- More than one million customers around the world became new Prime members in the third week of December.
- The entire 2013 holiday season was the best ever for Amazon, with more than 36.8 million items ordered worldwide on Cyber Monday, which is a record-breaking 426 items per second...
Those numbers, reported last week by Amazon, blew minds. Every time I revisit them, mind blown again. Yet, some of Amazon's critics have the nerve to criticize the amount of money the company spends to run the business. These are the types of people who would be first in line to complain if their package didn't arrive on time.
Or if the Amazon site crashed. Or if overwhelming demand forced it to stop taking orders. Or if it allowed a credit/debit card breach that impacted 40 million customers.
It's simply staggering that Amazon can fulfill that many orders. More than 400 per second on Cyber Monday. It's just insane. And it more than justifies the fact that, in the third quarter, Amazon spent almost 35% more on fulfillment than it did in the prior year's quarter ($1.51 billion in Q3 2012 versus just over $2.03 billion in Q3 2013).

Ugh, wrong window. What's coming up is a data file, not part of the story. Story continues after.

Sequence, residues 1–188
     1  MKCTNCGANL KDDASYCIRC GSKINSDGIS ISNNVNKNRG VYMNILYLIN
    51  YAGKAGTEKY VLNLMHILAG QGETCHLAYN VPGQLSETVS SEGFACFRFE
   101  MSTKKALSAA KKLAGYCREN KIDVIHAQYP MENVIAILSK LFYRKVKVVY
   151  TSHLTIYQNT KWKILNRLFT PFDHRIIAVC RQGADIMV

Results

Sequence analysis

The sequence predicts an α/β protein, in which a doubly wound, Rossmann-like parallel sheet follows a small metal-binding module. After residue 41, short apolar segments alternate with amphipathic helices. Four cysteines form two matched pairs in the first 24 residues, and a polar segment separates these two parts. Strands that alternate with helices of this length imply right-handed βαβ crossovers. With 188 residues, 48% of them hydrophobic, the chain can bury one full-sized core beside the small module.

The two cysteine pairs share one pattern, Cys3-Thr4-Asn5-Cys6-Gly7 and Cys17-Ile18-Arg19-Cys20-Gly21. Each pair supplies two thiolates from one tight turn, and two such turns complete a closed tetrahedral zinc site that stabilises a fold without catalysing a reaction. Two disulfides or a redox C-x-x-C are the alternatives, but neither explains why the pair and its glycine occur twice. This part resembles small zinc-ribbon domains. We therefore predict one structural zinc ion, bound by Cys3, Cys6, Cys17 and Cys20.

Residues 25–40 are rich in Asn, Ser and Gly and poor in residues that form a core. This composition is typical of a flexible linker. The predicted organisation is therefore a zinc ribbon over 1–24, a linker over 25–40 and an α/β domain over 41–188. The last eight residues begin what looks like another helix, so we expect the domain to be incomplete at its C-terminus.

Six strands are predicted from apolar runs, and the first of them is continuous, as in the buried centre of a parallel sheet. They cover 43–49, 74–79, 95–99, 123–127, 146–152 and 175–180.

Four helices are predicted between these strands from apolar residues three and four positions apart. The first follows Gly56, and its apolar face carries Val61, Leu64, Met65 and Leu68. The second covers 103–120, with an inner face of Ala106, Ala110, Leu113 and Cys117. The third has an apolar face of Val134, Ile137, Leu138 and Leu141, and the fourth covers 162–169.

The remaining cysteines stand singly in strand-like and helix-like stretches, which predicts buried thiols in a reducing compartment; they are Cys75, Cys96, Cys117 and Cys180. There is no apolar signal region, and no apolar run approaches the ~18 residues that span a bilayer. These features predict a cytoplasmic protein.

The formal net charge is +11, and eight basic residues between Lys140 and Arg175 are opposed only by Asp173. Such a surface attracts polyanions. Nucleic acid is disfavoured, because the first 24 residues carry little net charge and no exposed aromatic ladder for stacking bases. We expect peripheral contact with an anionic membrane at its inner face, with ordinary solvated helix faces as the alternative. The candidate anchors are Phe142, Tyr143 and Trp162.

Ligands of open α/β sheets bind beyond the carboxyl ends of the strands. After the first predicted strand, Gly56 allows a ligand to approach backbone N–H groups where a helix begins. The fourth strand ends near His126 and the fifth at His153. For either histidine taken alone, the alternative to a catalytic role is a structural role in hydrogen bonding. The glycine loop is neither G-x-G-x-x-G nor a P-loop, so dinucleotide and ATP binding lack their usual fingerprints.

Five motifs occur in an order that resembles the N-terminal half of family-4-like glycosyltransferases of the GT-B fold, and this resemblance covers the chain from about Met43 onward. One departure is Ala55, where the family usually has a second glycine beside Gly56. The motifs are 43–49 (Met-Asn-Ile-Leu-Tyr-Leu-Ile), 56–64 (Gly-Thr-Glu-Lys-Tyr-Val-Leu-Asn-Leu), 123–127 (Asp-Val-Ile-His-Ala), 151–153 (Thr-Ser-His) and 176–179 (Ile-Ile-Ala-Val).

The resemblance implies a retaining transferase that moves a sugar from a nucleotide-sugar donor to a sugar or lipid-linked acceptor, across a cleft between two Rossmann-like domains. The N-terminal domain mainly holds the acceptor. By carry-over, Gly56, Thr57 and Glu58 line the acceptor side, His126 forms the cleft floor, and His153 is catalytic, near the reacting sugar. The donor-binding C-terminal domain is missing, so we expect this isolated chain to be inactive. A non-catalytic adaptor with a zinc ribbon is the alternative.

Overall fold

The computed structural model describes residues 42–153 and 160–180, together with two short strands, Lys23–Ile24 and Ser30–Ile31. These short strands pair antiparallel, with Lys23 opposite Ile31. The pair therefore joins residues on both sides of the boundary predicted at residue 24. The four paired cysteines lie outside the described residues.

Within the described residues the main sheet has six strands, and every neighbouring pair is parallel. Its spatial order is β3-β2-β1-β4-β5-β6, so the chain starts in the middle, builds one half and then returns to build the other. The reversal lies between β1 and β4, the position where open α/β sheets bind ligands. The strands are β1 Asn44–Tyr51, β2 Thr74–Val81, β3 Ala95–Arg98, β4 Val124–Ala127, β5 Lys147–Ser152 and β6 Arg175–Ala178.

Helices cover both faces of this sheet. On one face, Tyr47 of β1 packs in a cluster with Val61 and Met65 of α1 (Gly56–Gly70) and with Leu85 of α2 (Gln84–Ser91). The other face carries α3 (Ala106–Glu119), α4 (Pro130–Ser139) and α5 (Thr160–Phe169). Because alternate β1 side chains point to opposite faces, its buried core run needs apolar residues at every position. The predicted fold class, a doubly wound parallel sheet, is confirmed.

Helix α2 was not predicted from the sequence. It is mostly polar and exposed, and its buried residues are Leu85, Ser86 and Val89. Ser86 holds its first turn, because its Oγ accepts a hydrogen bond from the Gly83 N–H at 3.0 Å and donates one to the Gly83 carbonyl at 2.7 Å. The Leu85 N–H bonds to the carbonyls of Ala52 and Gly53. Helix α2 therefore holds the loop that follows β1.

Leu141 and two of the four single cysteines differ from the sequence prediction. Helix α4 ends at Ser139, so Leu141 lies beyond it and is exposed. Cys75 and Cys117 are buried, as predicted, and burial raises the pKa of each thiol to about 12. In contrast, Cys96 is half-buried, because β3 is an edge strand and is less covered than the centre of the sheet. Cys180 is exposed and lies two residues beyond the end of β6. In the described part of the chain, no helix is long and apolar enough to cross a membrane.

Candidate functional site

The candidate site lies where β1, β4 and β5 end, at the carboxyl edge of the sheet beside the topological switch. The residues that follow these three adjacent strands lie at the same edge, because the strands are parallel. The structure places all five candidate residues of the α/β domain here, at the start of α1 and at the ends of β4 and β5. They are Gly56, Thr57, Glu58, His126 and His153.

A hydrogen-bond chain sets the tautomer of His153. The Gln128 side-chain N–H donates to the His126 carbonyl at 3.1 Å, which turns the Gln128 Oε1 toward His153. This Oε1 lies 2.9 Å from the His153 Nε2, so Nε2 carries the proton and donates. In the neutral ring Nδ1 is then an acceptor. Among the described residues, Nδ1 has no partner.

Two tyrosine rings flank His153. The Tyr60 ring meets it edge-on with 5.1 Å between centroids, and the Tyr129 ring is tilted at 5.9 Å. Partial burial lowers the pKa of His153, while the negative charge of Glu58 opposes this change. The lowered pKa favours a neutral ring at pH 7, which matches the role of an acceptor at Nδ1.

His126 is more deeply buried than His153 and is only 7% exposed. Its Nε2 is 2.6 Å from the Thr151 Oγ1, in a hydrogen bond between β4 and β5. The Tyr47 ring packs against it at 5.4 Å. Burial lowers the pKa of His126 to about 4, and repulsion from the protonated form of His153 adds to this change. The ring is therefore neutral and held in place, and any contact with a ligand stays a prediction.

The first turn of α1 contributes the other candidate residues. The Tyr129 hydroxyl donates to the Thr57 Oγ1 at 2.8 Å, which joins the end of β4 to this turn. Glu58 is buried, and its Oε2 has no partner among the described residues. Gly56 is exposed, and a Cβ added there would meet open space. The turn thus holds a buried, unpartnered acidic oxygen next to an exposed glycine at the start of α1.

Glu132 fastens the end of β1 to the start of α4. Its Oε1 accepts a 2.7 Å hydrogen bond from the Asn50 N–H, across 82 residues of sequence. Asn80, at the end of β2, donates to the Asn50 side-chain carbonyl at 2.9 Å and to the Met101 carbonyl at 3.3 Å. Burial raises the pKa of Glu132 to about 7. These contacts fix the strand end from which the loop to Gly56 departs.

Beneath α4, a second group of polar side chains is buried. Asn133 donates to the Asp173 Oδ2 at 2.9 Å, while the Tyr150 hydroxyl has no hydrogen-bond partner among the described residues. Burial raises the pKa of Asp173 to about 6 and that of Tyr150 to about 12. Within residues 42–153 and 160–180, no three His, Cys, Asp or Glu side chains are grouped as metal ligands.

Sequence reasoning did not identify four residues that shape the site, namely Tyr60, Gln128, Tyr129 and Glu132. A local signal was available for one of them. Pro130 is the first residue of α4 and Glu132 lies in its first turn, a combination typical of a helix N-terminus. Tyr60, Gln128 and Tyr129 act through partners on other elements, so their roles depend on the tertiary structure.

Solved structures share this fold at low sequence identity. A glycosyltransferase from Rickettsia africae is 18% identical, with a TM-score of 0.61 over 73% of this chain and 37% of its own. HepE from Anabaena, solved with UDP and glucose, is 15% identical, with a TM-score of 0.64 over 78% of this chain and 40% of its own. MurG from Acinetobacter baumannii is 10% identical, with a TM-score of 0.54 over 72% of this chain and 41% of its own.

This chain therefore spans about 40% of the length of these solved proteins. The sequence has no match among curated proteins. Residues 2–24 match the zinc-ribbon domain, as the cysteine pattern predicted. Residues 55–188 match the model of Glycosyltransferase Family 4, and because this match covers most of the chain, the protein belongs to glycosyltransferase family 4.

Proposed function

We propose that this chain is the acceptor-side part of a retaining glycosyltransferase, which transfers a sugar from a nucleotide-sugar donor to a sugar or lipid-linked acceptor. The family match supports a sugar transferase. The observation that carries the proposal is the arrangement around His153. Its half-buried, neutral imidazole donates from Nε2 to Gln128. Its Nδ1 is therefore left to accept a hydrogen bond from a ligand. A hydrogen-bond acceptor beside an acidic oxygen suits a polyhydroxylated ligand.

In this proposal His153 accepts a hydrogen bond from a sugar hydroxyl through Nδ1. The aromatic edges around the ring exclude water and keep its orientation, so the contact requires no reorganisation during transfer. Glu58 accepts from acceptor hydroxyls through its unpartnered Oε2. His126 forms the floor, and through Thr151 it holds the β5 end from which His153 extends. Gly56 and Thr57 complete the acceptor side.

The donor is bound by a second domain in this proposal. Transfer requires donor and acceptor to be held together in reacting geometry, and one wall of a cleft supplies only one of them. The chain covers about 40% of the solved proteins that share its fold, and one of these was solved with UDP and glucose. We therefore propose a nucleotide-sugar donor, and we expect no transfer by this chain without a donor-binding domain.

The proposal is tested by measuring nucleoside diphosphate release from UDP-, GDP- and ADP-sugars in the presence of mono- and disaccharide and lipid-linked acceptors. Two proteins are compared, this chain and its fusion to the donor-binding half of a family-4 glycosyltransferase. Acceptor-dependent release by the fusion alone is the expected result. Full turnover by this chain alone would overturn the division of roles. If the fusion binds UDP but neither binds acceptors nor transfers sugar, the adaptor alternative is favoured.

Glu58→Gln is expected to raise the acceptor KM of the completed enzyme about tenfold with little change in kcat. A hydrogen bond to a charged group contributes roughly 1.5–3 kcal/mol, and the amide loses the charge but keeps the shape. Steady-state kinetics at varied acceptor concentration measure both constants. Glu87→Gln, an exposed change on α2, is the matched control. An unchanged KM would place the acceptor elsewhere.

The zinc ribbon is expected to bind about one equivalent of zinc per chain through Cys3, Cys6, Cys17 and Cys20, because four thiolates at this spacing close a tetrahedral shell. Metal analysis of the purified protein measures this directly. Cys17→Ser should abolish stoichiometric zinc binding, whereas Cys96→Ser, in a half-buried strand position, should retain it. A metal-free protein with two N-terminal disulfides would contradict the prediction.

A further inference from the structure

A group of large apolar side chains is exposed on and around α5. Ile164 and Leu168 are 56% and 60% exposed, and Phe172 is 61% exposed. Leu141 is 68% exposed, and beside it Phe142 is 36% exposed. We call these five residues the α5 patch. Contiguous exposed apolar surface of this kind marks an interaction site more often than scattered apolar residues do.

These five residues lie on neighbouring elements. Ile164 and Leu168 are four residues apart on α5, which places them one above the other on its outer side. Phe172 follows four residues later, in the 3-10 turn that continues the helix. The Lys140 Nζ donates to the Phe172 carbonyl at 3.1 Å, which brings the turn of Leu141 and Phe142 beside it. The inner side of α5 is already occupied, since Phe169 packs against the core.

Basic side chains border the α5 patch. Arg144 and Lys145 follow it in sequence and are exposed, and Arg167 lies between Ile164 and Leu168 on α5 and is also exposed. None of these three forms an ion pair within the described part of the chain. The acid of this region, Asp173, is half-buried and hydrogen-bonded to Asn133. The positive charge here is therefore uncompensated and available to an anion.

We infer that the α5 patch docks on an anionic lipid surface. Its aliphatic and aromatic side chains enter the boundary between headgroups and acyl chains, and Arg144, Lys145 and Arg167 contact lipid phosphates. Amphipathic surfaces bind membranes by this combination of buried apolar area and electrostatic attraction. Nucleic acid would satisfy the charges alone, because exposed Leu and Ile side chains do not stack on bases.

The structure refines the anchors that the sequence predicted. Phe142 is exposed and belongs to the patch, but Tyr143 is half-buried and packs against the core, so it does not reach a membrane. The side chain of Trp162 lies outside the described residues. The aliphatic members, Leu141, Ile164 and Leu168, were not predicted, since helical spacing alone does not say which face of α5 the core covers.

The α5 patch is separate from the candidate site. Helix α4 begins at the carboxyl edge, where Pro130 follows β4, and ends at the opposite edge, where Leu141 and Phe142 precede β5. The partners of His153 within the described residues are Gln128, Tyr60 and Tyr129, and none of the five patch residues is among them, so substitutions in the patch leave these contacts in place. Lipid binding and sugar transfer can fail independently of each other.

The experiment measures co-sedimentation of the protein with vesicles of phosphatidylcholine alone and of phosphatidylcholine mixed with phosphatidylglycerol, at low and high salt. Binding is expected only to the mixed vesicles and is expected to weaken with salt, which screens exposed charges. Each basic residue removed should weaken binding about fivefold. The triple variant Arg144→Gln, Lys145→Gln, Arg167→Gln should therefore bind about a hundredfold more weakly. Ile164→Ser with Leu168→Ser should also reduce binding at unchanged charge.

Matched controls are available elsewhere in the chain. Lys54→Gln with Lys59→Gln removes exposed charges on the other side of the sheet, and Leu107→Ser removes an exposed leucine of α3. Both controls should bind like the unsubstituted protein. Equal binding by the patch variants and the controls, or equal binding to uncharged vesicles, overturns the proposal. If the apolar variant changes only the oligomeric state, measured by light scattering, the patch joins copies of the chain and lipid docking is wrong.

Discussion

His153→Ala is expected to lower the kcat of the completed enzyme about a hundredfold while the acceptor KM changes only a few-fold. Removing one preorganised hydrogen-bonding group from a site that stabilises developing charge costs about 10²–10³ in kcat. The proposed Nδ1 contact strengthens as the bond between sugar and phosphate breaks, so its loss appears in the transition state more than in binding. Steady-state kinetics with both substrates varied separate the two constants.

So now, vis-a-vis the size of Amazon's opportunity and the investment needed to properly seize it, you don't have to just put your faith in Jeff Bezos (though that's fine by me), you have some sick numbers to support his approach.
Need more? The value crowd likes number talk. Enough color they could choke on it. So fine.
Amazon CFO Tom Szkutak told us on the Q3 conference call exactly how the company was preparing to spend -- even more than usual -- to meet the above-mentioned holiday shopping season demand:
Sure. In terms of Q3 specifically, Q3 just because of the -- as I would call it the Q4 readiness, the seasonal readiness, you see this often in Q3 where both our total and our segment operating profit is lower than other quarters. And that's certainly what you are seeing in Q3 in North America. So that's in terms of the investments we are making to get ready for the season we talked about. You start and just quote the capacity that we are adding certainly in multiple geographies, but certainly in the North America it is impacting that as well. You can see it in our fulfillment line item as a percentage of revenue being up.
Lots of folks chide Amazon for holding conference calls void of useful information. I'm not sure what they want or feel they need. But it inspires confidence to know that Amazon does such an excellent job matching "supply" (in this case, not just inventory, but infrastructure and manpower) to demand.
These guys know their business. They do not exist in oblivion, haphazardly spending their way into trouble. This is not Netflix (NFLX) by any stretch of the imagination.
More numbers? No sweat, bro.